It is important to note that the selective releases from WikiLeaks so far do not cover the 6 months period during which a large amount of further investigation was carried out, including further consultations with toxicologists. Breathless headlines from the Mail on Sunday, the opinion section of The Independent, and from WikiLeaks themselves deliberately obscure this. 

It is no wonder WikiLeaks seem reticent to leak the whole batch of documents at once: it appears likely that further information will continue to undermine their narrative.

 

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64 Comments

  1. Harald K

    A good article on the facts, but “we need to talk”, really? Are you trying to sound like a HR department or a middle school teacher?

    Worth mentioning that WikiLeaks’ editor is a journalist jailed for his work, and hasn’t been able to oversee the day to day operations of WikiLeaks for a long time. If you want a better WikiLeaks, you should probably want him to be free.

    Reply
    • Milo duncan

      You’re entire article is saying the leaks are true but you need this this and this to verify 100% because of Alex’s wording. Read the report. Listen to the man at the opcw that your chief debated. Believe the most trustworthy journalists in operation wiki leaks. They are never wrong.

      Reply
  2. dick

    Just a little quibble about chlorine use
    Your point disputing the ubiquity of chlorine residues in Douma
    As water treatment in Syria is by way of chlorination , any residues are more likely to be where water has been used, for cleaning, washing, cooking, whatever
    Swab the floors and there’ll be some record of chlorination
    A bit disingenuous to talk of bleaching clothes for goodness sake

    Reply
    • Tariq

      That isn’t a reasonable quibble, and simple order of magnitude/Fermi calculations can show you why.

      There are, at most, low ppm levels of COC’s in chlorinated water. Those will never accumulate to detectable levels so ubiquitously.

      Reply
      • dick

        Take it up with the test laboratories and the WHO
        “By then the inspector had learnt that the results of the quantitative analysis of the samples from the allegedly attacked buildings had been delivered to management from the test laboratories but not passed on to the inspectors. He got sight of the results which indicated that the levels of COCs were much lower than what would be expected in environmental samples. They were comparable to and even lower than those given in the World Health Organisation’s guidelines on recommended permitted levels of trichlorophenol and other COCs in drinking water. The redacted version of the report made no mention of the findings.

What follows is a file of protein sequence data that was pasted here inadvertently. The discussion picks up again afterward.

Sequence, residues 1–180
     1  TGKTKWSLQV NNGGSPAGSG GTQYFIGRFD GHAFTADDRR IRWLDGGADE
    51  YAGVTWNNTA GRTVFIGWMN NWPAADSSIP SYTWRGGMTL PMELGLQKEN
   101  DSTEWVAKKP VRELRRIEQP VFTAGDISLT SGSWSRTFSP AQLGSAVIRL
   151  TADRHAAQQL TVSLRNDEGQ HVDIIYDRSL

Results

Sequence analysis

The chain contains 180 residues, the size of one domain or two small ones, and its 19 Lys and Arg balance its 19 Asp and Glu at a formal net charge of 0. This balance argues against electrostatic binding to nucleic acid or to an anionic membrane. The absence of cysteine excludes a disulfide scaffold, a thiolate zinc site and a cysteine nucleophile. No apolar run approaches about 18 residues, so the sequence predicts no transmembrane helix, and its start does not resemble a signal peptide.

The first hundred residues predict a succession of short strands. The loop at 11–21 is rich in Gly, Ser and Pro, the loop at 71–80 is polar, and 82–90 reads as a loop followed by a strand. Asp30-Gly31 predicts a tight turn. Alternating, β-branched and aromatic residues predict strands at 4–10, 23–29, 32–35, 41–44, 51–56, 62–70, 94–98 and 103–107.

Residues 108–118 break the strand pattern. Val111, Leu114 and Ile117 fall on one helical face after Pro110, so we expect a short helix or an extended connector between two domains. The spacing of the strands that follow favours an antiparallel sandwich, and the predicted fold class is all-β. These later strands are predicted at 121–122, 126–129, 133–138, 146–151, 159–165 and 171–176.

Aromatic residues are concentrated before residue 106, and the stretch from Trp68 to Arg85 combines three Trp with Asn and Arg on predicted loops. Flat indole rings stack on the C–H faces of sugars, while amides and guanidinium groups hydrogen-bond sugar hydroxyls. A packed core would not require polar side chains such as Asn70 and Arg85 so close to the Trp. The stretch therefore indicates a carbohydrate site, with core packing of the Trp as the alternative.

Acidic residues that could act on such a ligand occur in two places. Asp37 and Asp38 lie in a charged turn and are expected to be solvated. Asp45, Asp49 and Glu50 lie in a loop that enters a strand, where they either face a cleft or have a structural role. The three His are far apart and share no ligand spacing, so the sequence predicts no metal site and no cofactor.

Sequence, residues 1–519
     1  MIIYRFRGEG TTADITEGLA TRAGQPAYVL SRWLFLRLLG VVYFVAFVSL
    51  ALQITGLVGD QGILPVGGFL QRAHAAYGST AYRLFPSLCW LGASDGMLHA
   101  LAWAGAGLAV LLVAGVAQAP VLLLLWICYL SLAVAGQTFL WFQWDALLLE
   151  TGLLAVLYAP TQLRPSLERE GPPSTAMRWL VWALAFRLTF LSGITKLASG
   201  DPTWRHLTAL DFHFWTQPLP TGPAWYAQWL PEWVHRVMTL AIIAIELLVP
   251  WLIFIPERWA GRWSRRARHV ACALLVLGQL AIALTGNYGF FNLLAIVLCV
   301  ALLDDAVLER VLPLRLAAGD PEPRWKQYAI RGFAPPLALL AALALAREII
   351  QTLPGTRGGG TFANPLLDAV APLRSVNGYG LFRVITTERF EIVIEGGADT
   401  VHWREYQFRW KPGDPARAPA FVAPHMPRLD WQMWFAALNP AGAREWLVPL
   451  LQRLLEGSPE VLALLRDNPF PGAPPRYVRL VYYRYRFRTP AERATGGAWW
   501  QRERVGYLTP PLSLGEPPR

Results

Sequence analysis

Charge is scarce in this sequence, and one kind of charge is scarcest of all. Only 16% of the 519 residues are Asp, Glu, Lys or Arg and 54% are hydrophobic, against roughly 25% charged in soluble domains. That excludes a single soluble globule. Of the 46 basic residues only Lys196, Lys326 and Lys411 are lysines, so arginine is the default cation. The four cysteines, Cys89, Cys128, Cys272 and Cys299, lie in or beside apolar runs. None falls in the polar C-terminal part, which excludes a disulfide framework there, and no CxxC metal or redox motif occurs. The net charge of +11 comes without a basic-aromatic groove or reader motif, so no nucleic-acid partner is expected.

Alex described this omission as “deliberate and irregular”. “Had they been included, the public would have seen that the levels of COCs found were no higher than you would expect in any household environment”, he said.””

        Reply
        • Servus

          Great quote ´dick’ !
          Even ´alex’ says that COC levels on samples were below recommended drinking water levels, so hypothetical residues of this drinking water would have been even much lower.
          Good you figured out yourself that the ´drinking water’ hypothesis was without substance.
          Keep learning!

          Reply
        • Tariq

          This again shows the sophomoric nature of Alex’s criticisms. Discussions of WHO water quality standards are meaningless in a forensic discussion about a chlorine gas attack.

          Trace concentrations of COC’s (ppm level) are expected, and are indeed seen even in cases of deliberate exposure of organic materials to Cl2 in Kraft pulp bleaching, water treatment, etc. Thus it’s illogical to expect super high concentrations of COC’s after a chlorine gas release, and even moreso 2 weeks after (many of the most easily measured ones are volatile/non-persistent).

          Inorganic chloride is better quantitative tool. And 1000 – 17,000 ppm inorganic chloride is *far* higher than natural background (except for sea water, the Dead Sea, Salt Lake, salt flats, or contaminated soils near paper mills.

          Reply
    • Servus

      … loud reading….
      « This narrative is obviously flawed. Alex implied that some of the compounds discovered can be found in “household chlorine-based bleach”. However, these were found in samples taken at both Location 2 and 4, on multiple levels and on the adjacent street. Although it is possible that the inhabitants of Location 2 and 4 were in the habit of cleaning virtually everything in their buildings with bleach, including the walls and rubble in the street, it seems unlikel«